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What is ‘just compensation’ during a federal acquisition of land?

| Nov 21, 2014 | Development |

The United States Constitution’s Fifth Amendment protects citizens from having their land taken for public use without receiving just compensation for its value. Therefore, as outlined in the Uniform Appraisal Standards for Federal Land Acquisitions, any entity acquiring property on behalf of the United States must abide by specific guidelines in appraising the land in question. Because property appraisal for federal purposes raises unique appraisal issues, the standards of valuation are mainly determined by law.

The federal courts have established a general standard of setting just compensation as equivalent to the property’s market value. Appraisers reviewing the federal land acquisition must understand the established case law applicable to the process in order to make constitutionally sound determinations. All determinations must be made in an unbiased, accurate and thorough manner.

The U.S. Supreme Court has set the market value of property as “what a willing buyer would pay in cash to a willing seller” at the time the taking is to occur. This definition assumes a property was on the open market for a reasonable length of time. The reasonableness of the time limit can vary, however, depending on the property type and location, market conditions and price range of nearby property.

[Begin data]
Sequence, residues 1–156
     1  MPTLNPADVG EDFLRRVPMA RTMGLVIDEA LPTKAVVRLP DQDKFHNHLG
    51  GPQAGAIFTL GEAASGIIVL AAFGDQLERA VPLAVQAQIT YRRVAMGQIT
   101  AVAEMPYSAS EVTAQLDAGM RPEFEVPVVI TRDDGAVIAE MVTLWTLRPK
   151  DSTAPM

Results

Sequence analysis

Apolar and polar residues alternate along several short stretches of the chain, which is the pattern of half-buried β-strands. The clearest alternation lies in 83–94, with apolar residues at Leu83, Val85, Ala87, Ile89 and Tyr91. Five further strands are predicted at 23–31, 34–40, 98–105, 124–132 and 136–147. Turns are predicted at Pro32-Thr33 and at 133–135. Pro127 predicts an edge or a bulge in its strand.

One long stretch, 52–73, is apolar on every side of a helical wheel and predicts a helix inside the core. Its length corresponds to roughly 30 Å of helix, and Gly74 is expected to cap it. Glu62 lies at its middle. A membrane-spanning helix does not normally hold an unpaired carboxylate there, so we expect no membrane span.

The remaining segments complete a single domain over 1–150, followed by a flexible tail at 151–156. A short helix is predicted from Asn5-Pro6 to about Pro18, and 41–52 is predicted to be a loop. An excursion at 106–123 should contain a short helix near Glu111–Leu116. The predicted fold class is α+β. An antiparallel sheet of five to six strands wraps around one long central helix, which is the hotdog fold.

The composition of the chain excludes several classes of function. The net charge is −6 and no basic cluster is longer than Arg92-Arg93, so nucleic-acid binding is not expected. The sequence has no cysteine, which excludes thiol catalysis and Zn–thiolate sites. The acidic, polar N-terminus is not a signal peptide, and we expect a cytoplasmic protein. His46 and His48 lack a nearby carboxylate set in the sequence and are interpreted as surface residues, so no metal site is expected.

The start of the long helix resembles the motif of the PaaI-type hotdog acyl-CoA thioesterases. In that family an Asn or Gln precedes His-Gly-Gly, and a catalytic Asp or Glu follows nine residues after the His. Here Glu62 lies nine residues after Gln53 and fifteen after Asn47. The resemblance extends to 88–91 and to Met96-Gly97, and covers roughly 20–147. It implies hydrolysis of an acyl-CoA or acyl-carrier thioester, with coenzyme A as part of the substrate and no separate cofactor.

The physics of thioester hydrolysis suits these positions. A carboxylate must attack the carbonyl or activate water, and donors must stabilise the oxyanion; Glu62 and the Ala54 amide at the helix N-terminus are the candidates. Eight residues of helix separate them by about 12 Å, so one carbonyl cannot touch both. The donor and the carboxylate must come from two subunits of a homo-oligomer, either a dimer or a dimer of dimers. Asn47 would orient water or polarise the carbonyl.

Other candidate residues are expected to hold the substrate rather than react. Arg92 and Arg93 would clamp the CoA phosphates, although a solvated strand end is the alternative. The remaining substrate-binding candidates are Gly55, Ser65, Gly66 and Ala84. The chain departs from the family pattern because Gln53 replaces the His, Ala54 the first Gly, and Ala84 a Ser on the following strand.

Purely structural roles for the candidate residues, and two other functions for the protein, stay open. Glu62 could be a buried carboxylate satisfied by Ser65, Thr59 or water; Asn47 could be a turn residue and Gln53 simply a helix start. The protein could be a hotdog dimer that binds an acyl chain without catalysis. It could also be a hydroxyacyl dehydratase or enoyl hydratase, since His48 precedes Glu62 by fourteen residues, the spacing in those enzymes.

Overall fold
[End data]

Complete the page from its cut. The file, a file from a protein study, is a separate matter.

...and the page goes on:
Additionally, government-constructed buildings and improvements already on the land are generally excluded from market value consideration. Market value is also determined according to the property’s highest and best use, which is typically assumed to be the current use. Any party wishing to claim a different highest and best use exists has the burden of proving as much.

Any land acquisition appraisal completed outside these standards may not conform to the minimum Constitutional standards. The Supreme Court has helped preserve U.S. citizens’ rights to receive just compensation for their property, should it be taken for public use. Anything less than fair market value violates this safeguard, allowing the landowner to take action to enforce the rights given to thim or her.

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